Sometimes both writers and readers forget that they and their books are not one and the same.
Proof that I am not my books: We are often seen at the same place at the same time.
I put a lot of myself into the books I write. The characters come out of my head — the protagonists, antagonists, comic relief, parents good and bad, the passerby on the street who only has one line. But they are not me.
The dialogue comes from my head — philosophizing, wisecracking, both sides of an argument. But it’s not what I would say.
The writing, rewriting, querying, submission, editing, and marketing of a book takes a lot of time, emotion, and thought. There is a lot of my life and myself in my books. I have a creative vision, and it comes out in my books. But they are not me.
Read the whole post on Project Mayhem >>
This post appeared as part of Middle Grade Month on Diversity in YA, a blog founded by YA authors Malinda Lo and Cindy Pon in 2011 to support diverse literature.
Deadwood, my middle-grade mystery, takes place in a diverse town, like communities I based it on and where I’ve always lived. Culture is not central to the story, which is about two seventh graders who must lift a curse on a tree to save their town from growing disaster, but I wanted to include diverse characters to reflect the reality I pictured.
Still, I was intimidated about writing someone from another culture, so I decided to hedge a little. When I began the novel, the main character of Martin had a Puerto Rican dad but was raised by his white mother and grandmother. I thought if he was raised in my own culture, I had the right to write him.
The story is not about the ethnic background, and it’s been said that Martin “just happens to be” Puerto Rican. But it didn’t just happen to him, just as my other main character, Hannah, doesn’t “just happen to be” white. I decided that these would be the characters, and I grew their voices, personalities, and backgrounds. It didn’t just happen.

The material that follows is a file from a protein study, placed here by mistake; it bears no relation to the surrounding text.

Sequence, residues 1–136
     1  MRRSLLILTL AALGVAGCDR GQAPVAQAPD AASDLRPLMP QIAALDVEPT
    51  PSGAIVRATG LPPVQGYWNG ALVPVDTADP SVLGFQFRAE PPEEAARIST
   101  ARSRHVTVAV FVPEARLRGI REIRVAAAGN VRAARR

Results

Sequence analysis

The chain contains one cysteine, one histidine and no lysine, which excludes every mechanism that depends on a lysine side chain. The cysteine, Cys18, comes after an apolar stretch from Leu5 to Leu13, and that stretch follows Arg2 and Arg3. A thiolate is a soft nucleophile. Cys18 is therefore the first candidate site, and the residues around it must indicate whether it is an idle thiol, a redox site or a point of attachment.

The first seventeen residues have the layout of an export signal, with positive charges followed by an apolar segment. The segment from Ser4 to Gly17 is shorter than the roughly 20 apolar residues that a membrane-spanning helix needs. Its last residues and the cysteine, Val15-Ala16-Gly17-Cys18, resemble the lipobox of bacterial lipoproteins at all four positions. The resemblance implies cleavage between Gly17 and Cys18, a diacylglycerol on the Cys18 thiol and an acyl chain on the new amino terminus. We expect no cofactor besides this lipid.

Read the full post on Diversity in YA >>
I’ll be appearing at the Penn Wynne Elementary Book Fair on Monday, October 20, in Wynnewood, PA. Looking forward to meeting readers and parents!
When I was a kid, I won a lot of awards. Now that I’m a grownup, I’ve found that trophies don’t get handed out just for showing up. Being honored for work is a feeling I nearly forgot. Thus this award for Deadwood means a lot — the silver Moonbeam Children’s Book Award for Pre-teen Fiction – Mystery. The Moonbeams are given by the Jenkins Group and Independent Publisher, recognizing books from smaller publishers. My publisher, Spencer Hill Press, made a great showing this year — great company to be in.
Here’s the full list of winners >>
It’s Middle Grade Month on Diversity in YA, and I’ll be posting there with some amazing authors, like Jacqueline Woodson, Sarwat Chadda, Crystal Chan, Coe Booth, Sharon Flake, Varsha Bajaj, and more! Thanks to Cindy Pon and Malinda Lo for inviting me to participate.
Leaving Butterfly Hill by Marjorie Agosín
Our Diversity, Our Connectedness by Crystal Chan
My Multicolored Heroes by Sarwat Chadda
Inspiration from Unexpected Places by Sharon Flake
Abby Spencer Goes to Bollywood by Varsha Bajaj